In 1972, the National Enquirer, a weekly magazine published at Lantana, Florida, sponsored an ongoing contest to award various sums of money for the best UFO cases, the ultimate prize being $50,000 for a report that would prove that UFOs are from outer space. A $5,000 prize was awarded to Ronald Johnson, a 16-year-old farm boy who lives near Delphos, Kansas, for his report of a landed object on the family farm on November 2, 1971. A whitish ring of soil which glowed and would not absorb water was the physical evidence that something quite strange had happened in the small clearing on the Johnson farm.
On that date, at 7 P.M., Mr. Johnson and Ronald were in the farm yard. Mrs. Johnson called them to dinner and Mr. Johnson went in while Ronald stayed in the yard. The Johnsons ate a leisurely meal which took about 30 minutes, then Mrs. Johnson called to Ronald again. The Johnsons do not remember whether or not Ronald answered. However, he shortly came to call them out to see a bright light disappearing from view in the southeast sky.
Then Ronald related what had happened during the time that his parents were eating. Unfortunately, Ronald is not completely clear concerning the time involved and cannot account for all of the 30 minutes between the time his mother first called him and when he called his parents out at 7:30. However, Ronald claimed that he heard a rumbling sound, took a couple of steps to the north and around the corner of the barn about 90 to 95 feet from him was a strange craft hovering above the ground. It stayed there for about five minutes, then it ascended over a low shed and headed south.
At this point he called his parents who came out and saw the object leaving. They walked over to the spot where the object was first seen and saw a glowing, phosphorescent, ring-shaped area on the ground and also noted that portions of trees adjacent to the area were also glowing. Mrs. Johnson took a photo of the ground immediately. Mr. and Mrs. Johnson claimed that upon touching the soil in the ring their fingers became numb. This condition persisted with Mrs. Johnson, she said, for about a week. She was employed at a local rest home and said that she could not feel the pulses of her patients during that period of time.
After receiving the preliminary report on this case, APRO asked Mr. Clancy Tull, a lawyer and field investigator from Kansas City, Missouri, to visit the Johnsons and attempt to get answers which had not been covered in the original report.
According to Tull, Ronald saw an object but could not describe the surface. The bottom of the craft was about one foot above ground level, but Ronald could not recall seeing the actual ground level. The base seemed stationary but the upper portion was moving or vibrating from side to side or perhaps wavering up and down. The illumination of the object apparently began some minutes after Ronald first saw it. The sequence of events was: he heard the "rumbling" sound, then he took a step or two to the north, then he observed the object approximately 1 foot above the ground level although he could not see the ground, and the base of the thing was stationary, then the illumination began. He described the illumination as appearing like an arc, such as the electric light between an electric welding rod and metal being welded. This arc flash began at the base of the object and almost instantaneously involved the entire object. The arc flash allegedly caused an apparent flash burn in both of Ronald's eyes. He described blue, red, and orange. There was a partial loss of vision but not "total black" or absense [sic] of light. Mr. Tull assumed that something akin to a flash burn caused total constriction of the pupils and perhaps even temporary damage to the rods and cones in the eyes.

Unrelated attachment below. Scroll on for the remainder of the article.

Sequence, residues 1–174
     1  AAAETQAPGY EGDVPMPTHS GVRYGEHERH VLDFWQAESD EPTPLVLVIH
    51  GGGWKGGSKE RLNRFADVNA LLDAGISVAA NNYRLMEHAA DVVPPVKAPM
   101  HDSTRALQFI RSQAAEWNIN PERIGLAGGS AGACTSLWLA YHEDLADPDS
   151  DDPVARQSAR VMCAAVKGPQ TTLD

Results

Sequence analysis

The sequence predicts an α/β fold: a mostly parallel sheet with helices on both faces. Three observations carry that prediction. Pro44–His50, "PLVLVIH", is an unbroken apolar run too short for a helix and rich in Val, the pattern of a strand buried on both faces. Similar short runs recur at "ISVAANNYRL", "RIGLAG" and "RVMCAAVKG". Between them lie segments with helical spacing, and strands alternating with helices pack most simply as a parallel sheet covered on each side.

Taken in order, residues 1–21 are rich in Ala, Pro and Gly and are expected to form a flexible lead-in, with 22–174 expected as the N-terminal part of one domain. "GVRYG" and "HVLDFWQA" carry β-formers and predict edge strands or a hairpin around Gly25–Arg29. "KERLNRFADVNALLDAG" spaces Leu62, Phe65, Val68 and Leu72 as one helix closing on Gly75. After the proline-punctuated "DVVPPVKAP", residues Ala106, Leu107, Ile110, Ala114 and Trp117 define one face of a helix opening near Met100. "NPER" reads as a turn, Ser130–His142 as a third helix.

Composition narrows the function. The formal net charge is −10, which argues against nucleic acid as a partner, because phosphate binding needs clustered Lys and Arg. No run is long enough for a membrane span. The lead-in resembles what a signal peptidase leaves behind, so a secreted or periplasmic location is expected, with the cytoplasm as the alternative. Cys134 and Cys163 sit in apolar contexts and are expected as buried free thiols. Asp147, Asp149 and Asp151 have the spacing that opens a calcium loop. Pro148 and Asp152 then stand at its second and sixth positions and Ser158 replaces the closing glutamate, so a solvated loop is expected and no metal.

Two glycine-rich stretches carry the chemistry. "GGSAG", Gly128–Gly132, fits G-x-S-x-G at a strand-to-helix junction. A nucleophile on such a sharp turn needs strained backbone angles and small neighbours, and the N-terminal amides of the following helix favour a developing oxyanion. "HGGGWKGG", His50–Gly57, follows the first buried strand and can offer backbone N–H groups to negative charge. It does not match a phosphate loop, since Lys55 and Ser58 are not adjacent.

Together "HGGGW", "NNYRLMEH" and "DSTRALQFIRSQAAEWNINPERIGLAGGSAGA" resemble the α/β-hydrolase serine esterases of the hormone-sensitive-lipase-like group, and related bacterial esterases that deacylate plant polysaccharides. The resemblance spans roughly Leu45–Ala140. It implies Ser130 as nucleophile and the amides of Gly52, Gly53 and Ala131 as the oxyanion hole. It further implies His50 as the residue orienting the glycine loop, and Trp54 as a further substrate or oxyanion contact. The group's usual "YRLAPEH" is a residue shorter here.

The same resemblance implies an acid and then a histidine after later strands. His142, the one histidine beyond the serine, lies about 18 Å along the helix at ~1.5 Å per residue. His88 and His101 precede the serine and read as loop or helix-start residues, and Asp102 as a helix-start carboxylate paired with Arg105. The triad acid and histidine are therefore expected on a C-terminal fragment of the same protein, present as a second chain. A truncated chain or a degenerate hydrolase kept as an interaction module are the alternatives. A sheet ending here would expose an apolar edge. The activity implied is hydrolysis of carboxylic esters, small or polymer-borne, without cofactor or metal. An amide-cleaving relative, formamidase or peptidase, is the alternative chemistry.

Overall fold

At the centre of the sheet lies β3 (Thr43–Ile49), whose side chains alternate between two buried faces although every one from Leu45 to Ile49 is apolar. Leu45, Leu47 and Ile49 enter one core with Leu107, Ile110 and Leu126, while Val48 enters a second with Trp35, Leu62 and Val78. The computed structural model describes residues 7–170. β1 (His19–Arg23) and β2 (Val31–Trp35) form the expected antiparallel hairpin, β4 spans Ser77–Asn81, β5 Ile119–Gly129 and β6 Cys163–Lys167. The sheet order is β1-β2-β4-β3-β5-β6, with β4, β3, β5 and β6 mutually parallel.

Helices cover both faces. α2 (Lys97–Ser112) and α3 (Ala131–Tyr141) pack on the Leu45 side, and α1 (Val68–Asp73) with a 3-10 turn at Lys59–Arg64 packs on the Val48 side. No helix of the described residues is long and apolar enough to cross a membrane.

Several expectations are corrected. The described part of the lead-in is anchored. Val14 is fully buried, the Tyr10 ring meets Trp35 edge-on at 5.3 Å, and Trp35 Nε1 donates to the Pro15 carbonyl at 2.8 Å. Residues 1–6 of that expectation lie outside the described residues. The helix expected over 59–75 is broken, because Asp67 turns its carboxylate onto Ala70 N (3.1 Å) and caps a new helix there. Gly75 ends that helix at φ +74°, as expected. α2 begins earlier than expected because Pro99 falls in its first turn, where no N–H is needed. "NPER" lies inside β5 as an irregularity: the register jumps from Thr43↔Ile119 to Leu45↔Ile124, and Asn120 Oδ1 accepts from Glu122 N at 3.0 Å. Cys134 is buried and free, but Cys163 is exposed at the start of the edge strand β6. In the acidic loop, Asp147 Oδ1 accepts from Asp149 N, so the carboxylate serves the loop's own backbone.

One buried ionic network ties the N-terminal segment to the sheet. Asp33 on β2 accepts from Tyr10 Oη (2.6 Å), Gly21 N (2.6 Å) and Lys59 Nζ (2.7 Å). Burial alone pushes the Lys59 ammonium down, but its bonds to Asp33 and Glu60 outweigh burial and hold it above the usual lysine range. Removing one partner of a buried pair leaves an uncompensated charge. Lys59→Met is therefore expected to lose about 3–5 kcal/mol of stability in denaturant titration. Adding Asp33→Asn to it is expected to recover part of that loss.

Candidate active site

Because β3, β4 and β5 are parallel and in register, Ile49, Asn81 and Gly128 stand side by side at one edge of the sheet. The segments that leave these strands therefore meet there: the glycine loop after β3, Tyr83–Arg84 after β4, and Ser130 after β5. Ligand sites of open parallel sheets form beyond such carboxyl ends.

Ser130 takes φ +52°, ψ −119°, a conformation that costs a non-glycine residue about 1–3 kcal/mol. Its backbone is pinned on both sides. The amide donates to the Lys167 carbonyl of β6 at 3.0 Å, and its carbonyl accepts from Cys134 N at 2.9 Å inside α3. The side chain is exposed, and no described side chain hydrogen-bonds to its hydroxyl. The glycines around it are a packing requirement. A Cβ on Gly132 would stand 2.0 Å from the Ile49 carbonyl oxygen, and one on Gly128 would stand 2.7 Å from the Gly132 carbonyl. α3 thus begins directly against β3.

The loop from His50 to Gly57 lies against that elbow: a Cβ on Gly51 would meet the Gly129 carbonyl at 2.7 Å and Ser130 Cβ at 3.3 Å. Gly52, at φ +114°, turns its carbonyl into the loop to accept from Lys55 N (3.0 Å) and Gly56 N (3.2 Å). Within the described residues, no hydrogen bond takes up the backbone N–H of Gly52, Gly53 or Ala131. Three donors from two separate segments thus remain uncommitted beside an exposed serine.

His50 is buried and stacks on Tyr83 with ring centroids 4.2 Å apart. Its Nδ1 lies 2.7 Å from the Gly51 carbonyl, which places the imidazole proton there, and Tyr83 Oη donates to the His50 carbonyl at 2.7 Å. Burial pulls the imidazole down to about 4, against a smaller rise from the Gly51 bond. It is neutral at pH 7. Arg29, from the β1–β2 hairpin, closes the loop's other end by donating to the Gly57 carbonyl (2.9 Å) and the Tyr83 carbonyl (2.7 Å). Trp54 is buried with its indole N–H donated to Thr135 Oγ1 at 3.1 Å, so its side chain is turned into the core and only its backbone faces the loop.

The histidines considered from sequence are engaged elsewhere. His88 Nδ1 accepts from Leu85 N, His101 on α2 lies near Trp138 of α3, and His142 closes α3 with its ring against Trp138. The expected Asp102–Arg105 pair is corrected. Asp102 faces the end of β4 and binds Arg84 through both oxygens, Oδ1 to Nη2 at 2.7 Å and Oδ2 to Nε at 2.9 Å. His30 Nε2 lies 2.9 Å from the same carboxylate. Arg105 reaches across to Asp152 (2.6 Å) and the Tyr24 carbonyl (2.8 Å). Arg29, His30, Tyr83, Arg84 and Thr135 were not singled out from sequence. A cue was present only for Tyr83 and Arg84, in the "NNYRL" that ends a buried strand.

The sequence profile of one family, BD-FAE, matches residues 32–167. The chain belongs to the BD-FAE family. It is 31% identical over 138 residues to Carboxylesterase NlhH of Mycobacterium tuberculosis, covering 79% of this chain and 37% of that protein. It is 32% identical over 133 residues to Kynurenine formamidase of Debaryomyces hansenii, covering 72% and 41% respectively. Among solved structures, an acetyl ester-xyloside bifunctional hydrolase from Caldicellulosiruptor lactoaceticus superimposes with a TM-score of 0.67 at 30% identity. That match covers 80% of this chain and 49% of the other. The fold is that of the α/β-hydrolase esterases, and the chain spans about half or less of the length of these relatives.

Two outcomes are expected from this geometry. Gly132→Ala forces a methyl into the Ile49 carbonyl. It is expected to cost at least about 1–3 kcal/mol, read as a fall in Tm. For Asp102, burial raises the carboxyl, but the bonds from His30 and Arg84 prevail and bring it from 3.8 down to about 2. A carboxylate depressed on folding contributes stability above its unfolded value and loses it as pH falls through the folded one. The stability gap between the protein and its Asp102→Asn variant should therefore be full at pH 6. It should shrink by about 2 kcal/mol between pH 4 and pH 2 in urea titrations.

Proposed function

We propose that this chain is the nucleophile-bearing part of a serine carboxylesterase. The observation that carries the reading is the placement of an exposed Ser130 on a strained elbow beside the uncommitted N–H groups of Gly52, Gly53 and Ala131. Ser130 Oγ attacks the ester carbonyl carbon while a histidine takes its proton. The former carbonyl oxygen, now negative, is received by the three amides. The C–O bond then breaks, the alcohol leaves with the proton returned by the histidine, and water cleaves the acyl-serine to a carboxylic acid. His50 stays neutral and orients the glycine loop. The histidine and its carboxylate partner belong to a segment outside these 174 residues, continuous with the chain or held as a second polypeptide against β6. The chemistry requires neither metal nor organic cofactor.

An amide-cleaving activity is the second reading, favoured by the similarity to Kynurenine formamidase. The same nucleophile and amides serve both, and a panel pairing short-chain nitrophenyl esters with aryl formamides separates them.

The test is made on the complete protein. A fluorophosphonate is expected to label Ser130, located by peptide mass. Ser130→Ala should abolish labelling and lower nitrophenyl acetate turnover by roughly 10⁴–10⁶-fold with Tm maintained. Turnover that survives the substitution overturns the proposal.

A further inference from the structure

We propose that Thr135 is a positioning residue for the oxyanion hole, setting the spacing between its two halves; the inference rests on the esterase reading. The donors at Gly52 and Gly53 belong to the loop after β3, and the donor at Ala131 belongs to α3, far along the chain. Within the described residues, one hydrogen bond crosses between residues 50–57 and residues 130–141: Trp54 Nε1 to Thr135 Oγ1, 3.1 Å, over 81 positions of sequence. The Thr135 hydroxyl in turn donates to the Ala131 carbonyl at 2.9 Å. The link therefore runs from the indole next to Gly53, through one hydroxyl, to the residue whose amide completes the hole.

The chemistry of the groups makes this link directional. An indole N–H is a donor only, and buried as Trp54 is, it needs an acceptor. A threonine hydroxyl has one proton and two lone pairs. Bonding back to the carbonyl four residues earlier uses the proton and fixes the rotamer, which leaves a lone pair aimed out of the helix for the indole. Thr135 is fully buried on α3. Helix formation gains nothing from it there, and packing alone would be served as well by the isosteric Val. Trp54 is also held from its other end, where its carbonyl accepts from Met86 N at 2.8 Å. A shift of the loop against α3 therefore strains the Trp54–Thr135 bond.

The evidence gathered by Mr. Tull indicated that the sheep were not disturbed until after the observation began and that Ronald was perhaps 90 feet, 235 degrees S.S.E. from the assumed center of the ring when he first observed the object after taking one or two steps to the north. Ronald's eyes watered, burned, and were bloodshot for at least two days. The object in question was estimated to be about 9 feet in diameter, the ring was a foot wide, and the outer diameter of the entire ring was about 8 feet.
The preliminary investigation by Ted Phillips of Sedalia, Missouri, had been carried out 32 days after Ronald Johnson allegedly had the experience and there had been considerable precipitation. The inside of the ring was very muddy as was the terrain outside of it. However, the ring itself was dry down to 1 foot, whereas the soil outside the ring was wet down to 8 inches. A truly interesting set of circumstances and evidence.
When Phillips first saw the ring, it was distinguished by the fact that it was still covered with snow, while in all the surrounding area the snow had melted. His report states: "Although the surrounding area was extremely moist, we found that if the snow was removed from any part of the ring, the soil directly beneath the snow was dry and light brown in color—this was in contrast with the black moist soil in the ring center and around the ring.”
Ted Phillips returned to the site on August 8, 1972, in the company of APRO Research Director Dr. James Harder. They found that the ring seemed to be "widening" and that differences between ring soil and the surrounding soil were becoming less pronounced compared with samples taken by Phillips during his earlier visit.